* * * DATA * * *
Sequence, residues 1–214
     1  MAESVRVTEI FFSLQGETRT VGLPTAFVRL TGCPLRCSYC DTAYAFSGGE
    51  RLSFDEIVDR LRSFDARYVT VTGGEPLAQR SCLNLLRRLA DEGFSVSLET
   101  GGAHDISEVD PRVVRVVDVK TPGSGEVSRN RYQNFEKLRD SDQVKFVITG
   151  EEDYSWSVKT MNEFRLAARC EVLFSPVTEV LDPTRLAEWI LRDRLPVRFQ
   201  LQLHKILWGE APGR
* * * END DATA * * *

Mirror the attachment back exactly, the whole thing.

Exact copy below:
Sequence, residues 1–214
     1  MAESVRVTEI FFSLQGETRT VGLPTAFVRL TGCPLRCSYC DTAYAFSGGE
    51  RLSFDEIVDR LRSFDARYVT VTGGEPLAQR SCLNLLRRLA DEGFSVSLET
   101  GGAHDISEVD PRVVRVVDVK TPGSGEVSRN RYQNFEKLRD SDQVKFVITG
   151  EEDYSWSVKT MNEFRLAARC EVLFSPVTEV LDPTRLAEWI LRDRLPVRFQ
   201  LQLHKILWGE APGR